Rich and famous: recognition-based judgment in the Sunday Times rich list
McCloy, R., Beaman, C.P. and Goddard, K. (2006) Rich and famous: recognition-based judgment in the Sunday Times rich list. In: 28th Annual Conference of the Cognitive Science Society, Vancouver, British Columbia, Canada , pp. 1801-1805.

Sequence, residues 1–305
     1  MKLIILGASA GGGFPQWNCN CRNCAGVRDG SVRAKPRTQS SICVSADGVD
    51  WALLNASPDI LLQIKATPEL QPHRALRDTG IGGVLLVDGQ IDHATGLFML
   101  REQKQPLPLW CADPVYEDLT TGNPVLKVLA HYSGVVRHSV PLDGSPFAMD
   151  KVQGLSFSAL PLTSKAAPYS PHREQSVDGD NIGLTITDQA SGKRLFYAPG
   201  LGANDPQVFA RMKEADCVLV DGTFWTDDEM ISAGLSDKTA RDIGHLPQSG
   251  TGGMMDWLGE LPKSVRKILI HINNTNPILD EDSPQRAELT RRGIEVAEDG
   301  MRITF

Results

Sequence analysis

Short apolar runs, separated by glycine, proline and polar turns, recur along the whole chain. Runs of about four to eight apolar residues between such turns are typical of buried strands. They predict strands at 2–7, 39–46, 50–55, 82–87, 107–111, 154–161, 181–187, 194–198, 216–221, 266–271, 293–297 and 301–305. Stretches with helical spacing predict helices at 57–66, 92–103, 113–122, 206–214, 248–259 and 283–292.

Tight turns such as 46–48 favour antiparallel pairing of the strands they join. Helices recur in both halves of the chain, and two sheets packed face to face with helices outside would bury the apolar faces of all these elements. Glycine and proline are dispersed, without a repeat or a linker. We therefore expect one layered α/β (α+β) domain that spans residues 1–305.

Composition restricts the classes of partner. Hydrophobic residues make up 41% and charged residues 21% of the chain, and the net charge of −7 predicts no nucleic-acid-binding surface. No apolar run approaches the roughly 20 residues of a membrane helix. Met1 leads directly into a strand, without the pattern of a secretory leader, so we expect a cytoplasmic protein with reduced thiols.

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Recognition as a cue to judgment in a novel, multi-option domain (the Sunday Times Rich List) is explored. As in previous studies, participants were found to make use of name recognition as a cue to the presumed wealth of individuals. Names that were recognized were judged to be the richest name from amongst the set presented at above chance levels. This effect persisted across situations in which more than one name was recognized; recognition was used as an inclusion criterion for the sub-set of names to be considered the richest of the set presented. However, when the question was reversed, and a “poorest” judgment was required, use of recognition as an exclusion criterion was observed only when a single name was recognized. Reaction times when making these judgments also show a distinction between “richest” and “poorest” questions with recognition of none of the options taking the longest time to judge in the “richest” question condition and full recognition of all the names presented taking longest to judge in the “poorest” question condition. Implications for decision-making using simple heuristics are discussed.